In the 1970s, there were still debates around ‘respectability’ within the community. There were debates about the relative merits of gaining political power within the system (a more ‘respectable’ approach) and being more in-your face. In particular there was a deep rift that emerged quickly between some lesbians on one hand and trans women and drag queens on the other, whom the lesbians accused of being disrespectful toward women; some lesbians argued that trans women and drag queens were parodying female identity and refused to accept the validity of trans identity. Sylvia Rivera, one of the early leaders of the trans community, was literally pushed off the speaker’s podium during the 1973 Pride rally when she objected to the way the gay male community was disrespecting the ‘transvestites’ (as early trans people often called themselves). Many lesbian events starting in the 1970s specifically sought to exclude trans women; modern TERFs have their origins in the radical lesbian movement of the 1970s. So arguments about who should be allowed to participate in LGBT events are not a new debate; they’re just another round of struggle over whether our community needs to be ‘respectable’ and assimilationist to succeed.
In the 80s and 90s, the issue of respectability and assimilation emerged again in a different way. As the AIDS Crisis grew, the Gay Men’s Health Crisis sought to persuade politicians (including the probably closeted gay mayor of NYC Ed Koch) to allocate more resources for AIDS research and medical assistance for AIDS patients; most leaders of GMHC felt that it was necessary to not make waves and to emphasize an assimilationist approach to avoid alienating the politicians whose support they needed. It also began to conduct fund-raisers to raise money for research and treatment.
But others, including radical playwright Larry Kramer (who had co-founded GMHC) grew frustrated with this approach because it didn’t seem to be yielding much in the way of results. Kramer resigned from GMHC and helped found ACT UP. ACT UP took a more confrontational approach to drawing attention to the AIDS Crisis. They infiltrated the NY Stock Exchange and chained themselves to the visitors’ balcony; they picked the headquarters of Cosmopolitan magazine to protest an article that suggested that penis-in-vagina sex was safe from AIDS; they protested in front of the FDA headquarters to pressure the FDA to speed up the approval process for experimental AIDS medication; they disrupted mass at New York’s Catholic Cathedral on St. Patrick’s Day to protest the Catholic Church’s opposition to condoms; they disrupted the broadcast of CBS Evening News; and they swathed anti-gay senator Jesse Helm’s DC home in a giant condom. These and other protests helped raise awareness of AIDS issues and may have helped speed up the development of various drugs for treating HIV.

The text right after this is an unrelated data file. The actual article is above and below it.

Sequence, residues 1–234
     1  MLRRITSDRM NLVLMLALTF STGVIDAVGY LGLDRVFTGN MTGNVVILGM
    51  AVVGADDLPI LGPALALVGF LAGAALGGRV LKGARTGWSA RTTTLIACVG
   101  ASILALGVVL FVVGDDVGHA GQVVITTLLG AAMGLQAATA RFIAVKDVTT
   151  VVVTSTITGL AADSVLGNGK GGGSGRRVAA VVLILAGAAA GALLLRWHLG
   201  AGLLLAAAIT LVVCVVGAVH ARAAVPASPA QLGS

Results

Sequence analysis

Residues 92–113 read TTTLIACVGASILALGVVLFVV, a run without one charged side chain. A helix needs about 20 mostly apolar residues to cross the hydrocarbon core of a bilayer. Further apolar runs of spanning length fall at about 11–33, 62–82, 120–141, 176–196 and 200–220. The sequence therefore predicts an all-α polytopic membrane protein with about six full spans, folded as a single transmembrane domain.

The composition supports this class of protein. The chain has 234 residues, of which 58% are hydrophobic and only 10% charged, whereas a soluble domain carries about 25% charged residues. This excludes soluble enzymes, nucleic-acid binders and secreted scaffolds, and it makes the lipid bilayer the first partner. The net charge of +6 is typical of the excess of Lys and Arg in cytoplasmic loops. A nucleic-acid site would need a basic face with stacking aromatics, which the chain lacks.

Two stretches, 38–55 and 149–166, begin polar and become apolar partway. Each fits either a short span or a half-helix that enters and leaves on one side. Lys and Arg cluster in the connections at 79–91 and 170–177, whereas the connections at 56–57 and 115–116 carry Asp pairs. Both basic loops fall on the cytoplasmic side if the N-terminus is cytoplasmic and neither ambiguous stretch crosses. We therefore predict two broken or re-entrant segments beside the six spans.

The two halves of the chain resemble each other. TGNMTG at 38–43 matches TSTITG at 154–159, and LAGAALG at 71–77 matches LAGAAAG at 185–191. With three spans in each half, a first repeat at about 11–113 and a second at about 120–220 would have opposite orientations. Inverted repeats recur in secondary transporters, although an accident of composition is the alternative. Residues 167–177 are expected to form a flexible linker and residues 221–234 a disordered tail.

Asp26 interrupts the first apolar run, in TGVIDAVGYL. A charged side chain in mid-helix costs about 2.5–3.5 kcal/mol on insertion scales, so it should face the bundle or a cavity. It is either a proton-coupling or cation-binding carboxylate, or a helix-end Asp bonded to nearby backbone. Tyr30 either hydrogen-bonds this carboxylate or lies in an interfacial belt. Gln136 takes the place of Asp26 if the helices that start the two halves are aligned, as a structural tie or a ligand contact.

GMHC and ACT UP in many ways operated as a good cop/bad cop system, although not in coordination. ACT UP’s in-your-face approach was offensive to many, but it very successfully drew attention to AIDS at a time when the Federal government was seeking to ignore the issue and when mainstream American society generally considered AIDS God’s punishment on pleasure-seeking deviants. The more respectable approach of GMHC has helped advance AIDS research and treatment enormously but may have benefitted from seeming less threatening than ACT UP.
Another example of the respectability/assimiliationist approach is represented by groups such as the Human Rights Coalition, which have sought to advance LGBT rights through political and legislative action. HRC (and similar groups) have pushed for things like the legalization of gay sex, recognition of gay marriage, gay adoption, and the right of LGBTs to serve in the US military, and this approach has obviously been quite successful, since all of these things have become legal in the past two decades (–if you didn’t know, gay sex was still a crime in many states into the early 2000s). Their approach has been to emphasize the ways in which LGBT people are similar to straight, cis-gendered people by focusing on rights that are easy for straight people to understand, such as the right to get married.